Writing, like any profession, has its jargon. A writer’s vocabulary overlaps a bit with that of a literary critic. For example, words like deus ex machina and first-person narrative will be familiar to any English professor. But things like inner critic and withholding backstory and discovery draft are unique to writing. When we talk to other writers—or to ourselves—we need to know what those words mean.
THE FICTION WRITER’S HANDBOOK is an encyclopedia of sorts, giving definitions of over three hundred concepts. Think of it as a toolbox. Each technique is used a specific way, and the more tools you have, the easier the job. The better you understand things like plausibility, reversals, or payoffs, the better you can use them.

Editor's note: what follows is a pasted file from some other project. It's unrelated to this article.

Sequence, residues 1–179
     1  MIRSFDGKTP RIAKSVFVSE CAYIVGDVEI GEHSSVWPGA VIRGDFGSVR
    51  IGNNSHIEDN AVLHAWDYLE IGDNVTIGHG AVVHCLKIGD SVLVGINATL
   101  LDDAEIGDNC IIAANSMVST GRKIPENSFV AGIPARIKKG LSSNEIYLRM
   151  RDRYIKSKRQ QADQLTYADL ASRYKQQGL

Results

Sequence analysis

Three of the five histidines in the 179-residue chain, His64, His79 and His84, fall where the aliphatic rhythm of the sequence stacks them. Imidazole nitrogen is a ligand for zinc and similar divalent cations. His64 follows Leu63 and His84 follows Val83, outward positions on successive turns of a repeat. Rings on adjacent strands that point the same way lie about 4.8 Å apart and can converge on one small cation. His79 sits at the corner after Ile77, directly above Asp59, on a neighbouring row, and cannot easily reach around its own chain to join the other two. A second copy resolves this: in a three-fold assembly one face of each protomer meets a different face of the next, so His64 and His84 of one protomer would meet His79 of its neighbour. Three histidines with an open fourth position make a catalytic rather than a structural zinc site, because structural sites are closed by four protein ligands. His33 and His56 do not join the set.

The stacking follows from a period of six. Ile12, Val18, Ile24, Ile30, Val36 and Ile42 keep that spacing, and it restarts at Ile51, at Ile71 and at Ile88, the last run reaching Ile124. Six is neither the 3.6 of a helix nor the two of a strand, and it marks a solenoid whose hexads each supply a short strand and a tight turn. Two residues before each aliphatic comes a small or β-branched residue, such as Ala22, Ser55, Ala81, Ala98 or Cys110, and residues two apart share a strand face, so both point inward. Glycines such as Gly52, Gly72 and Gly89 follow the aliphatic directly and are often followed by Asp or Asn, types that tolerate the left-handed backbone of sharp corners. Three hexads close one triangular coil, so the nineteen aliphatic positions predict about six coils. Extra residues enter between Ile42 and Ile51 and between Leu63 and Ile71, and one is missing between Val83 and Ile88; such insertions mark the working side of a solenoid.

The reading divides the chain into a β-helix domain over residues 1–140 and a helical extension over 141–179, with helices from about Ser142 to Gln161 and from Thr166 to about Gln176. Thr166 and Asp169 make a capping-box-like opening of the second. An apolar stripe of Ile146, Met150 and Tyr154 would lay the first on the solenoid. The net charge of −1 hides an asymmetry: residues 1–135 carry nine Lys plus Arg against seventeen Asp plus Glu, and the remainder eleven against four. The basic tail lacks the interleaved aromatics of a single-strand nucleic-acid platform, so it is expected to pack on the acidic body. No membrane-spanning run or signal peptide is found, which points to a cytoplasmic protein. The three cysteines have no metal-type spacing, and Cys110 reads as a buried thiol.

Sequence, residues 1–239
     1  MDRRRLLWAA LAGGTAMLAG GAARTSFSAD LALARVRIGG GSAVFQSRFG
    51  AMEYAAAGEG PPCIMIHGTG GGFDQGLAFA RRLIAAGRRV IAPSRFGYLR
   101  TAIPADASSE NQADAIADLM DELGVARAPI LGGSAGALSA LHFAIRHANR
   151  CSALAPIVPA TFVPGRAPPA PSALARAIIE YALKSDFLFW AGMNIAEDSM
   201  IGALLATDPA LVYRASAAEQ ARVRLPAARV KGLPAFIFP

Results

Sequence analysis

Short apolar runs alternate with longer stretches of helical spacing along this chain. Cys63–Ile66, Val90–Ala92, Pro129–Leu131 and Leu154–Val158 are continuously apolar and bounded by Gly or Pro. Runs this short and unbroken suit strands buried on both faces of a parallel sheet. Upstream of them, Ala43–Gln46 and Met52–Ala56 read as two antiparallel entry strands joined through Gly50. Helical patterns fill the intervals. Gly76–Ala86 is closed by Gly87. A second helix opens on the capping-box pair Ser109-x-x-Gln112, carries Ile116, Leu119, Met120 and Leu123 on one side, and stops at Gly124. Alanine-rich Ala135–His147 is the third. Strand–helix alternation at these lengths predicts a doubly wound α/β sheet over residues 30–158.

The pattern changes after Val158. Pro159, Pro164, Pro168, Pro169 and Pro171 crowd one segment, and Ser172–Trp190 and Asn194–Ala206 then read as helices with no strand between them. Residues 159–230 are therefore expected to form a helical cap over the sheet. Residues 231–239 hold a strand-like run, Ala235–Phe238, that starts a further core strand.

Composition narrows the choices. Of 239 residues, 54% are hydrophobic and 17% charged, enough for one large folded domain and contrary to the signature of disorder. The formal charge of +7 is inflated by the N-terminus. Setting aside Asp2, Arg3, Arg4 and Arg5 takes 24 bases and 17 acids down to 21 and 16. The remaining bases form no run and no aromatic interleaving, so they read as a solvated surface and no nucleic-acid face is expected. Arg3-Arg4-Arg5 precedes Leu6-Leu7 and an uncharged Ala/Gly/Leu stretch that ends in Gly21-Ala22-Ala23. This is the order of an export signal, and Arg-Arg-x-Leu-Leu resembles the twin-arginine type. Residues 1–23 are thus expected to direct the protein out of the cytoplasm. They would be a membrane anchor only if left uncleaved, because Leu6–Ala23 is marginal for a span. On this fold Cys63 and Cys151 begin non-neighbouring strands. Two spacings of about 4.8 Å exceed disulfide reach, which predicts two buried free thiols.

A writer could read THE FICTION WRITER’S HANDBOOK straight through as an alphabetical list of definitions, but that defeats the purpose. All the entries are hyperlinked and cross-referenced, making the ebook ideal for browsing. You can be led from entry to entry, letting your interest be your guide.
THE FICTION WRITER’S HANDBOOK is not exactly a how-to book, although there are some writing lessons in it. It’s more of a general reference book, so when your writing teacher says you need a narrative hook, or you read a blog about the villain’s agenda, you’ll know what those terms mean. With Lowenkopf at your side, you’ll also know exactly how to use them.
THE FICTION WRITER’S HANDBOOK can be found here.
rating: 3 stars
This book is best for: beginning writers